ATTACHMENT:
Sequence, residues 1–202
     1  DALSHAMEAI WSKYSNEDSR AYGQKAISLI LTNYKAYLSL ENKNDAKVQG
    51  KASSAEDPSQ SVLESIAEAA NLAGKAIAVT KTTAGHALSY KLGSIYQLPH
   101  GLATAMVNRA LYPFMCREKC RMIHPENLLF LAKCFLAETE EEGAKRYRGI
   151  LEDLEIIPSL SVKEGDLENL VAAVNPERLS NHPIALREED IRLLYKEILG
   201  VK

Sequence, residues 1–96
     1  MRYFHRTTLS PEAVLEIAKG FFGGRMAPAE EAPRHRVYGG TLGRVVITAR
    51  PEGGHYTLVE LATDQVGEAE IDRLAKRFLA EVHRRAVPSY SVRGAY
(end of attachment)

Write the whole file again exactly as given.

Sequence, residues 1–202
     1  DALSHAMEAI WSKYSNEDSR AYGQKAISLI LTNYKAYLSL ENKNDAKVQG
    51  KASSAEDPSQ SVLESIAEAA NLAGKAIAVT KTTAGHALSY KLGSIYQLPH
   101  GLATAMVNRA LYPFMCREKC RMIHPENLLF LAKCFLAETE EEGAKRYRGI
   151  LEDLEIIPSL SVKEGDLENL VAAVNPERLS NHPIALREED IRLLYKEILG
   201  VK

Sequence, residues 1–96
     1  MRYFHRTTLS PEAVLEIAKG FFGGRMAPAE EAPRHRVYGG TLGRVVITAR
    51  PEGGHYTLVE LATDQVGEAE IDRLAKRFLA EVHRRAVPSY SVRGAY